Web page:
As you’ve matured do you feel you’re able to move towards a more expansive sound that no longer needs to pay homage to specific genres?
EG: “I feel like we’re always paying homage, both to our advantage and our detriment, but this time we set out to make music that was slightly more instrumental-based. On most of our albums we’ve ended up having all vocal tracks, which is pretty cool, but we also have this DJ side that loves dubs and instrumentals, so on tracks like Enough is Enough, Peace Love Unity Respect and Breathe we were trying to make them in the deep house instrumental tradition.”
The drum programming and sampling was influenced by your live performances. Was this reflected in your approach to recording?
EG: “The initial ideas came together in Charlie’s teeny bedroom studio in Miami. We plugged in a bunch of synths and used the sampler we’d used for our 2017 live sets to get the ideas going, then just hit record and lay down the tracks. They grew a lot from that initial point, but that live feeling was a big part of the arrangement and programming.”
CL: “The goal was to go through a process whereby Eli and I can recreate these songs in a way that will take the Soul Clap experience further in a live performance context. It’s something we increasingly intend to do as we move forward.”
Perhaps by extension Charlie, you’ve actually been studying instrumental music?
CL: “I started taking piano lessons because I didn’t have a music theory background. My tuning is good enough that I can sing a melody for someone to play or hear when something in the production’s clashing, but I really wanted to be able to speak the language of communication with other musicians.
"There was an amazing moment in our career when we were rehearsing this incredible hybrid between Soul Clap and Amp Fiddler on the main stage at Movement Festival. The performance was awesome, but at one point Amp looked over to me and said, ‘Yo man, you need some lessons!’ Amp was totally right so I asked if he could recommend someone to teach me.
"Through his jazz Detroit inner circle he got to Sharp Radway and I’ve been taking weekly lessons with him over Zoom.”
What have you learned from Sharp?
CL: “Modal theory, inverted fingering with two hands, interesting chord voicings and ways to express certain basic chord progressions that I can apply to keys. It’s about hearing something then knowing where to go and how to get there - imagine you’ve got the Ferrari but you don’t know how to hit the gas!”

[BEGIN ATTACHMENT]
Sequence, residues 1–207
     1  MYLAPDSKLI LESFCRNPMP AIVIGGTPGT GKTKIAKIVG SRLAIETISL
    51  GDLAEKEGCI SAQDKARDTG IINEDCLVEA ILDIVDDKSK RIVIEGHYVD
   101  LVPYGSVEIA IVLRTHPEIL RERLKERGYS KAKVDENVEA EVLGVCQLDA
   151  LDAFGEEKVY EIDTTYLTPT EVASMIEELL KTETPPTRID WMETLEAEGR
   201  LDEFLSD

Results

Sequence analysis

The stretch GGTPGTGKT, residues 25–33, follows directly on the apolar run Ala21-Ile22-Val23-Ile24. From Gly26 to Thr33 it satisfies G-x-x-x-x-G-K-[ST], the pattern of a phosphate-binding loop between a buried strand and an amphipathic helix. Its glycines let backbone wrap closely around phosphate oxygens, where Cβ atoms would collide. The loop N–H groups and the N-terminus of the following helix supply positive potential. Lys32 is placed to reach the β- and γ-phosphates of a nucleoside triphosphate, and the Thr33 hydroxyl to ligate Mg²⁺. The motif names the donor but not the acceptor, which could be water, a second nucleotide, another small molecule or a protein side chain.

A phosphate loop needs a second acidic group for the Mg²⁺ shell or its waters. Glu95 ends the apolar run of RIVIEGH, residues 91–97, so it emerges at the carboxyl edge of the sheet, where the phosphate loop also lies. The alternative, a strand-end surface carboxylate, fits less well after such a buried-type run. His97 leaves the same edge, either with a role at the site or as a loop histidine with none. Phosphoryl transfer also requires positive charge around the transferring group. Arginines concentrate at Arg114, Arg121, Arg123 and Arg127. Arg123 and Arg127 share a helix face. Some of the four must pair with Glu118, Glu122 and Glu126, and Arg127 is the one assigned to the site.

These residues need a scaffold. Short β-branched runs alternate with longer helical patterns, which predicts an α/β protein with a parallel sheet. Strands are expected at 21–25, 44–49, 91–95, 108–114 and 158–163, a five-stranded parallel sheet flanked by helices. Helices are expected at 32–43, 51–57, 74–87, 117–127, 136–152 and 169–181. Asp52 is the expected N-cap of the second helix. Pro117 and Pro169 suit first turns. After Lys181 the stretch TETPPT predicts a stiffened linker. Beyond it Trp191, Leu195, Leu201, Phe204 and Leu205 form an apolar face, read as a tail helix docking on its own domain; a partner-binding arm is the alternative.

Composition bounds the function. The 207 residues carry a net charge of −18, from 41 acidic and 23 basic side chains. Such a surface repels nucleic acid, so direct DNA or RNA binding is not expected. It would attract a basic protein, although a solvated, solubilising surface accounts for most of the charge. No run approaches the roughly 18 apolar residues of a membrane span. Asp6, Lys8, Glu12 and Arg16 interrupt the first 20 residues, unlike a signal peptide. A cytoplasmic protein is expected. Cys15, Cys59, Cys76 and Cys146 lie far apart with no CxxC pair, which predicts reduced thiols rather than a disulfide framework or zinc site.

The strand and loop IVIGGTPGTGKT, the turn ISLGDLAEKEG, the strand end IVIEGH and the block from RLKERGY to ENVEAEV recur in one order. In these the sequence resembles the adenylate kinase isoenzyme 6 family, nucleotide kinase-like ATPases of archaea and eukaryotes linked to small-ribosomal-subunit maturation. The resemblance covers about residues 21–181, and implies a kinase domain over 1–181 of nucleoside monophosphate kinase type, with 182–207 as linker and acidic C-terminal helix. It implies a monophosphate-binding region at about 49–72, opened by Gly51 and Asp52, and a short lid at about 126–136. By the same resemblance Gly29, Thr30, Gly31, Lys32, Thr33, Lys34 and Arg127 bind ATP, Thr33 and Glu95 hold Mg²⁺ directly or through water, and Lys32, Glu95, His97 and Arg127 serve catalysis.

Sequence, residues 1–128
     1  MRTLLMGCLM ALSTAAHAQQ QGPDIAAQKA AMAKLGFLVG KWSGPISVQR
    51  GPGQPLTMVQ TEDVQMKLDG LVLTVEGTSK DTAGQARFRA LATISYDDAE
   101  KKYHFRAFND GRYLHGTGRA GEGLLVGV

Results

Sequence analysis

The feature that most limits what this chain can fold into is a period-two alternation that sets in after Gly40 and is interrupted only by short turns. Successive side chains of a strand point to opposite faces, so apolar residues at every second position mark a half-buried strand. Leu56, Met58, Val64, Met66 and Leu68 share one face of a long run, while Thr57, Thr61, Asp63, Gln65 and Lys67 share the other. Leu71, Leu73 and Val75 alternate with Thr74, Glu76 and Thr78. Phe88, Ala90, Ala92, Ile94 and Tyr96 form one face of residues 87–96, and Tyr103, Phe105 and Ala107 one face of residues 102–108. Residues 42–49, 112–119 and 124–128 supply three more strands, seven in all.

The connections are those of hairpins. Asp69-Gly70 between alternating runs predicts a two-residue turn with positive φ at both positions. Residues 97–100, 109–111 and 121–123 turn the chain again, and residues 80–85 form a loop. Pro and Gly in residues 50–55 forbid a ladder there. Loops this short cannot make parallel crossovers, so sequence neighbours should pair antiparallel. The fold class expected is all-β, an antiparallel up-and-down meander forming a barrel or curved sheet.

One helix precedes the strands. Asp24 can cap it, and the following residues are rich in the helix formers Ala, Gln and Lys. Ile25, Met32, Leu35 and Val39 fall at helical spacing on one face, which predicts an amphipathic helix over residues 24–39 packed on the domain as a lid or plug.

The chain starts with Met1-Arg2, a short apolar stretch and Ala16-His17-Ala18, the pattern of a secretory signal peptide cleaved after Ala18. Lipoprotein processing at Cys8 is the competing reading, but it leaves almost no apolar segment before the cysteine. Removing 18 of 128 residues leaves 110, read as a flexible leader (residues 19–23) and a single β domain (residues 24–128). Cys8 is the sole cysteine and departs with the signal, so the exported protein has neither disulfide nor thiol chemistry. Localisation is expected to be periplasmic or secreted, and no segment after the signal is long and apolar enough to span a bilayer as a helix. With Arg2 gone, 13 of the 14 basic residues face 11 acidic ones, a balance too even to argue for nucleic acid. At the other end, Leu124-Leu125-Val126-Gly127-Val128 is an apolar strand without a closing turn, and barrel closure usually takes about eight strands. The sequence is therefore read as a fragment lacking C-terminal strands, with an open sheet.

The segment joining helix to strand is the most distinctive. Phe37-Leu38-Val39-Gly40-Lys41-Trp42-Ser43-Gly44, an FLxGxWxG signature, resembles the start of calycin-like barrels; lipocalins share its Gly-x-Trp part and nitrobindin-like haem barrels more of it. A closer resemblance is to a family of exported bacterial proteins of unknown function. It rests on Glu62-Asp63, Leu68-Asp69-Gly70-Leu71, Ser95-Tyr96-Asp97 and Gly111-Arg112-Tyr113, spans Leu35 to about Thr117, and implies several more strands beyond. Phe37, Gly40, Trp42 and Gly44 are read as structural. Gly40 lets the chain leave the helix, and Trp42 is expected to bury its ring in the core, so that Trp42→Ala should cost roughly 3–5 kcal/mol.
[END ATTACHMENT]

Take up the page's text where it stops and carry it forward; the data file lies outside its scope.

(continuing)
Would it be fair to say that most of your gear is located in your studio, and therefore Eli typically visits you to work on music?
CL: “In order to get to any Soul Clap album it has to be the two of us working together, but it’s fair to say that I’ve taken the lead on getting the productions off the ground during their early inception. On this album, however, we really felt that we needed to get in the same room and come up with these ideas together.”
EG: “The first album we wrote in Miami over the period of a month, the second one was mostly in Charlie’s loft in New York and this one was made back in Miami now that Charlie’s back there. Out of the two of us he’s the studio rat, but although I’ve been on pause right now at school, I’ve got my own studio setup and get super into that as well.”
CL: “I’ve got a lot of gear here but Eli’s got some pretty crazy pieces. He’s got the Roland Jupiter-8 that we bought when we were in Japan and I sent him the Korg M3 workstation and a bunch of Roland boutiques.”
Do you find you work better together if you avoid treading on each other’s toes?
CL: “In the beginning I did more keyboard stuff and Eli did more drum programming, then I really got into arrangement. In any collaborative experience it’s awesome when you feel you can stretch into your own lane, so there’s probably some toe stepping but it couldn’t be any worse than Fleetwood Mac or The Stones [laughs].”
You’re both clearly fans of using synth hardware, so what are your go-to machines?
CL: “Going back to the experience of playing live at Movement festival, during the middle of our set we turned around and who’s sitting there on stage? Dave Smith! That started a casual friendship whereby we kept seeing him and his wife Denise. My girlfriend, Natasha, totally hit it off with her so we formed a bond and the next thing you know we spent the weekend hanging out at a comedy festival in San Francisco.